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What's Your Blood Type? A, B and AB at Higher Risk of Type 2 Diabetes

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Diabetes risk involves different factors. Now, French researchers are saying that blood type should be one of them, suggesting that certain blood types carry more risk than others.

Published in the journal Diabetologia, the study carried out by researchers from the Center for Research in Epidemiology and Population Health in Villejuif, France involved an analysis of data from over 82,000 French women gathered from 1990 to 2008.

Not factoring in more specific blood types determined by the Rh factor, the researchers found that those with type A blood are 10 percent likelier to develop diabetes than their type O counterparts, while those with type B blood have at least 20 percent greater risk. The risk profile for those with type AB blood was inconclusive.

Analyzing risk profiles by taking into consideration just the Rh factor showed that risks were the same for subjects. Being Rh positive or negative had no effect on the kind of diabetes risk a woman had.

Combine blood types and Rh factors and results changed.

According to findings, women with blood type B positive are 35 percent likelier to develop type 2 diabetes compared to women who are blood type O negative. Those who are A positive are 17 percent likelier to develop type 2 diabetes than women who are O negative while A negative women have 22 percent greater risk than those who are O negative. Those with AB positive blood types, on the other hand, have to deal with 26 percent higher diabetes risk.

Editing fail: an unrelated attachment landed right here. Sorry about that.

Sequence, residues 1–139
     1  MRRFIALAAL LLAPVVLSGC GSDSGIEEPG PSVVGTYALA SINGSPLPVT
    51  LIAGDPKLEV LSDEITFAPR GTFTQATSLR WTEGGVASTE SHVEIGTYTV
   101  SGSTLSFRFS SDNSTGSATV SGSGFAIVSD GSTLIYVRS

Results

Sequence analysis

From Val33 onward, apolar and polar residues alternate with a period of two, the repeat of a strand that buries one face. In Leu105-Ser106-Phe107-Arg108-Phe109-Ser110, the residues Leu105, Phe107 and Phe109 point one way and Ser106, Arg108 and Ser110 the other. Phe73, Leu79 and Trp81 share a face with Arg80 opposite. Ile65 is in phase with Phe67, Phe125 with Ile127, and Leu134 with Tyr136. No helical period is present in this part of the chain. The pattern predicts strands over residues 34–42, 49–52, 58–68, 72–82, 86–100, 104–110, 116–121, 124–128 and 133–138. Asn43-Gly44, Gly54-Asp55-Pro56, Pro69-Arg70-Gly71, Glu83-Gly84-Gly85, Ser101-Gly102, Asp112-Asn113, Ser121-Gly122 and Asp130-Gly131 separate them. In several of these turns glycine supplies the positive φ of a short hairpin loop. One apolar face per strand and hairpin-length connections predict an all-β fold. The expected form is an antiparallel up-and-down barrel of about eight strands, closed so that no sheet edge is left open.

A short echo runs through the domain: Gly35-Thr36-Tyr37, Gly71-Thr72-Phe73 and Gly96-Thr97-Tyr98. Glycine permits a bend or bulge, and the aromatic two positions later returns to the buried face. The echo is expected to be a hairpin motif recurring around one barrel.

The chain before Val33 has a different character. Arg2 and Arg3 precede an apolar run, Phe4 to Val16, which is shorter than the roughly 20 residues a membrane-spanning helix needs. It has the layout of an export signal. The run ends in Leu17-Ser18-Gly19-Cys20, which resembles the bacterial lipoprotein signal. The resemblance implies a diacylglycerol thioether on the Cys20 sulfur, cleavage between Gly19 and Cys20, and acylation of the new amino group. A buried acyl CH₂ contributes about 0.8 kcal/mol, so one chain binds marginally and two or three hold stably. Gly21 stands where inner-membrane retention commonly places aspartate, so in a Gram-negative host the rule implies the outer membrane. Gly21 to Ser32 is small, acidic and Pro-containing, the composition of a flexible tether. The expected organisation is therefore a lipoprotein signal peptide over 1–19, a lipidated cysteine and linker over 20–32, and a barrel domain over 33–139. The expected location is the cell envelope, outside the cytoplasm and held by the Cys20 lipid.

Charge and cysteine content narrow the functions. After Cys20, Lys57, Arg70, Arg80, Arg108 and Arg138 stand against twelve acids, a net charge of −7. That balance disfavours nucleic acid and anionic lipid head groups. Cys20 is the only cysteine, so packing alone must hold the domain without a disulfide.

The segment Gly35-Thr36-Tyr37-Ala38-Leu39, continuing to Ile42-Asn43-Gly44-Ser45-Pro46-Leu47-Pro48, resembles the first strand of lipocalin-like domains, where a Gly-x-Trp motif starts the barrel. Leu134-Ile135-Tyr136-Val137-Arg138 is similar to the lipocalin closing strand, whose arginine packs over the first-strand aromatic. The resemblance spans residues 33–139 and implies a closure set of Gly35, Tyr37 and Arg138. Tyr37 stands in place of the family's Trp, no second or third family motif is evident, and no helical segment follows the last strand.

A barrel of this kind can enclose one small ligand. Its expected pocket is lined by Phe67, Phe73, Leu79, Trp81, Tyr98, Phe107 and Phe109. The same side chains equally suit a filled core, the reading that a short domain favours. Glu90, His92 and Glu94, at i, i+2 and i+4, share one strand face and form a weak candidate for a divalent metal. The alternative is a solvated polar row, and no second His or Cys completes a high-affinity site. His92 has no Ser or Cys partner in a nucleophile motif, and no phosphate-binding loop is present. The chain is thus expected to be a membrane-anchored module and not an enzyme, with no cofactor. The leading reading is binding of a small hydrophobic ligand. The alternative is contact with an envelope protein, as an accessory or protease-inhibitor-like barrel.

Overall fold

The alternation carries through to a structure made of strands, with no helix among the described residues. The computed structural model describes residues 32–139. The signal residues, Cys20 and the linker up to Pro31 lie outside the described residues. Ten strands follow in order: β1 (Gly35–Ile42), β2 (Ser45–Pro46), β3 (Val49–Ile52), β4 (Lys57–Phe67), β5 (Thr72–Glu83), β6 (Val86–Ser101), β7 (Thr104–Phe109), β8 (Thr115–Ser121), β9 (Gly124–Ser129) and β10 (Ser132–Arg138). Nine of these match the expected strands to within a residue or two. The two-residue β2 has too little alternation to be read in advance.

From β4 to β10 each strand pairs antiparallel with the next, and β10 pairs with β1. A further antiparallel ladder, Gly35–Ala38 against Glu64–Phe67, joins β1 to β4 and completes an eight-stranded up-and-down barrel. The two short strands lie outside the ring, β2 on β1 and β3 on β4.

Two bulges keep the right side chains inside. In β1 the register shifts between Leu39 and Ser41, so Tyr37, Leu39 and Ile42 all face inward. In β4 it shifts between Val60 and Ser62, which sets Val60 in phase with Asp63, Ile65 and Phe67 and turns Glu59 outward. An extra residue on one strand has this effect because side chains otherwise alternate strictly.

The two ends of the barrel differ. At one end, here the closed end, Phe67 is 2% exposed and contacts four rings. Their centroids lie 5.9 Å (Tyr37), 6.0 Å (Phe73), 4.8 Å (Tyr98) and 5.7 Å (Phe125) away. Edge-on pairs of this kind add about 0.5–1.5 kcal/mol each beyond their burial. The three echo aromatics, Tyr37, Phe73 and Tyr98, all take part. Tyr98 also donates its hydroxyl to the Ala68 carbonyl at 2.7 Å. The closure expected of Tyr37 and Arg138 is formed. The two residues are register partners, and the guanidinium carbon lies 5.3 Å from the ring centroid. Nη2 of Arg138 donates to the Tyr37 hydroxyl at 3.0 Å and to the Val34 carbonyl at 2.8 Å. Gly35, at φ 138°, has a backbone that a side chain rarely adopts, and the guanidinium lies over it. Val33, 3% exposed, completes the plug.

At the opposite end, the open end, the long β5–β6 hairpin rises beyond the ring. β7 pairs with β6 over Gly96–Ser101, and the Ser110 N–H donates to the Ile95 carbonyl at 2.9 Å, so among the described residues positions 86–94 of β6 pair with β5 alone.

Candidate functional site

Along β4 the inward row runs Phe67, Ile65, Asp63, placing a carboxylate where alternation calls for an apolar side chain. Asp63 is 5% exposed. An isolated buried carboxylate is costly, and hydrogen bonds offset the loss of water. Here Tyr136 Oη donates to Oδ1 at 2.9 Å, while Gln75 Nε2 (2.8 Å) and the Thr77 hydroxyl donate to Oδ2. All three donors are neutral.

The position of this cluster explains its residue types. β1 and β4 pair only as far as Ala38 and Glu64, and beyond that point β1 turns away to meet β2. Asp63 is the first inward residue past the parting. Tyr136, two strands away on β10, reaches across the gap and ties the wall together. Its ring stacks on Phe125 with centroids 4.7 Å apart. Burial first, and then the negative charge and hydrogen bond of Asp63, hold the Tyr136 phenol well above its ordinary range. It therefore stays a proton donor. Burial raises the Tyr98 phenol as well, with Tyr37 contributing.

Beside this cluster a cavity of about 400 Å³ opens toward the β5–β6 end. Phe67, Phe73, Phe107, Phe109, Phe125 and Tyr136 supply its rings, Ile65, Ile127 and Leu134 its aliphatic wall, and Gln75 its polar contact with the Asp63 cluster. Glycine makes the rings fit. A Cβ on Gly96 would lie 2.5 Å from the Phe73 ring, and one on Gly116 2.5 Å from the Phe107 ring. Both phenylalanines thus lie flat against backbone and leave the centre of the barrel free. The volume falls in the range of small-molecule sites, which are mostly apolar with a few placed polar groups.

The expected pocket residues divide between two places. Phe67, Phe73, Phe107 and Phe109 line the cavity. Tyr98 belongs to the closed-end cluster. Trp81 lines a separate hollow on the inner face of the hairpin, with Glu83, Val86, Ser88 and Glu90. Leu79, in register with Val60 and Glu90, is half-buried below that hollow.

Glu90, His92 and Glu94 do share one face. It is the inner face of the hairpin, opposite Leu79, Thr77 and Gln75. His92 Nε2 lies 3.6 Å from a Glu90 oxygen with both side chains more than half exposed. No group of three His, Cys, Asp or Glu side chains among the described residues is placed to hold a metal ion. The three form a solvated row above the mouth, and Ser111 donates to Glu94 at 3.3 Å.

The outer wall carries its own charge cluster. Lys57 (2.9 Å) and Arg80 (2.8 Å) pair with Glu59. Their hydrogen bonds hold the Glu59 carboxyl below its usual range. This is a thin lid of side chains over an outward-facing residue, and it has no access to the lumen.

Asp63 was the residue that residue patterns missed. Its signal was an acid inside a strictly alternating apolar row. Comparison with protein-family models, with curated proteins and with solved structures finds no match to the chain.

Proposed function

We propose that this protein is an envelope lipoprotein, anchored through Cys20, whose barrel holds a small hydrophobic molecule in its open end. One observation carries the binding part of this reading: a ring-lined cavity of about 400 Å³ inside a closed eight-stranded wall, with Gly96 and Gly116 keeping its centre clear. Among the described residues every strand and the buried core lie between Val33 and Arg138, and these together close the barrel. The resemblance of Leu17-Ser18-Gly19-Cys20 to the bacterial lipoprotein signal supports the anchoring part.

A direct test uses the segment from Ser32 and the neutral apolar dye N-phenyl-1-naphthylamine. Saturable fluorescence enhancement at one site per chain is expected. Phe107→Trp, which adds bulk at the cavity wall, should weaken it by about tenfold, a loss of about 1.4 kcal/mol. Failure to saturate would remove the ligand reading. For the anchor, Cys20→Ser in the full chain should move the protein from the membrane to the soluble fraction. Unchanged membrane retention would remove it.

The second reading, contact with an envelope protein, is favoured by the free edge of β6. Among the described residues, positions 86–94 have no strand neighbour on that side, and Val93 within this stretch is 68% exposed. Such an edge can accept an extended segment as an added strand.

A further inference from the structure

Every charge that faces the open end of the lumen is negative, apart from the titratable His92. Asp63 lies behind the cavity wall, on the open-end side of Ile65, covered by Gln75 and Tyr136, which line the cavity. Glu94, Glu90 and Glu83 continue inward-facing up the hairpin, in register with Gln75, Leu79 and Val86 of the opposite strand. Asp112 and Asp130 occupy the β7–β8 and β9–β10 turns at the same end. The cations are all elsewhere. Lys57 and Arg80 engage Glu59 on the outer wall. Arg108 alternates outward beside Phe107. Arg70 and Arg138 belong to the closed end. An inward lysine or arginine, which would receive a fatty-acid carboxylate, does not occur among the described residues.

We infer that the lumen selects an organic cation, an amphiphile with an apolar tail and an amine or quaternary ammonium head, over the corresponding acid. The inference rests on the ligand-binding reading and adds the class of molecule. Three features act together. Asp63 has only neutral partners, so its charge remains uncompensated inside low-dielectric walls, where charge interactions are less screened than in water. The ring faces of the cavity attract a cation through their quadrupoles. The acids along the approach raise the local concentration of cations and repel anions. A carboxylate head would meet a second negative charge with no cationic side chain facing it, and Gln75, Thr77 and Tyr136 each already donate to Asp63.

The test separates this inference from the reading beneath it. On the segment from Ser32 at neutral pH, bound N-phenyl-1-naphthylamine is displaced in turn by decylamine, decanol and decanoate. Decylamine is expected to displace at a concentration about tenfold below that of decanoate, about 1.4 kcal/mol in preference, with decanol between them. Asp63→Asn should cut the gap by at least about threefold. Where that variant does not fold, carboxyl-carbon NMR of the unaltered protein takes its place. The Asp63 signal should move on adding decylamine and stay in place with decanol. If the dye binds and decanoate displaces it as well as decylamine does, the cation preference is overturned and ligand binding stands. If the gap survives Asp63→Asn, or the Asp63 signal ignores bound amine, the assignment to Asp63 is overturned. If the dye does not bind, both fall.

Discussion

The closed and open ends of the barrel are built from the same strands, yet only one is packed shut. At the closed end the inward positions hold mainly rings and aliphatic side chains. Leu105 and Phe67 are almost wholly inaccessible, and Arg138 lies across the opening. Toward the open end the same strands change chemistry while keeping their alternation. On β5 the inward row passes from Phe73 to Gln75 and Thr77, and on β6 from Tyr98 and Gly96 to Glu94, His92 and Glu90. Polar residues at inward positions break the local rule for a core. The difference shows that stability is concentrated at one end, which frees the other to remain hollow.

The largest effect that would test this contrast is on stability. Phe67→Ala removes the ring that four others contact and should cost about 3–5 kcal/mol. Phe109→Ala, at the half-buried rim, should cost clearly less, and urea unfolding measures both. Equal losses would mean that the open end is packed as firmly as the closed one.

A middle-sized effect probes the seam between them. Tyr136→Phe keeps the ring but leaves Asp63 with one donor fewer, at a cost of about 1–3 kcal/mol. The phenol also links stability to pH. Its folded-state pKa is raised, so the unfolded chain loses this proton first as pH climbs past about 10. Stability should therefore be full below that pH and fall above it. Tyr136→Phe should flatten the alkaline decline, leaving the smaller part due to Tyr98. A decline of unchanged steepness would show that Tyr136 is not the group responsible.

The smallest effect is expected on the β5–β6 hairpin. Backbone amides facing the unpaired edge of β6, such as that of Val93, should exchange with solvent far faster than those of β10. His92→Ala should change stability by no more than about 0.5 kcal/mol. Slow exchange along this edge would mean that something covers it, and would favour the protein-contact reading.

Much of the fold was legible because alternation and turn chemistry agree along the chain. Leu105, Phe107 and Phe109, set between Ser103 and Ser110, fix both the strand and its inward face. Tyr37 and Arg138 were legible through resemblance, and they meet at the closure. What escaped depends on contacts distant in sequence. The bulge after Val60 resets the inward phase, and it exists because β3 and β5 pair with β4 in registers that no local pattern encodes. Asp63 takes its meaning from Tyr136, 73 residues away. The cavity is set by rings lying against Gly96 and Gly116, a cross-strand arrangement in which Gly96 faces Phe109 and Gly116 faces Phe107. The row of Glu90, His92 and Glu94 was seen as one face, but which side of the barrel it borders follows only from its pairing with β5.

Researchers were not able to explain the association between blood types and diabetes risk, which highlighted the importance of further study, but they said that the results of their findings may apply as well to men since nothing in the study was gender-specific.

Chief medical and scientific officer for the American Diabetes Association Dr. Robert Ratner, however, is not convinced.

With the study spanning 18 years, only around 3,500 diabetes cases were identified from the 82,000 subjects. Ratner considers that number too low given what is already known about diabetes. He also added that the study didn't prove anything new. As there are better ways of identifying risk, diabetes screening based on blood types will not be officially adopted.

In the United States alone, 29.1 million people had diabetes. That was 9.3 percent of the population at the time. There were 1.7 million new cases as well for that year. Diabetes is the 7th leading cause of death in the country.

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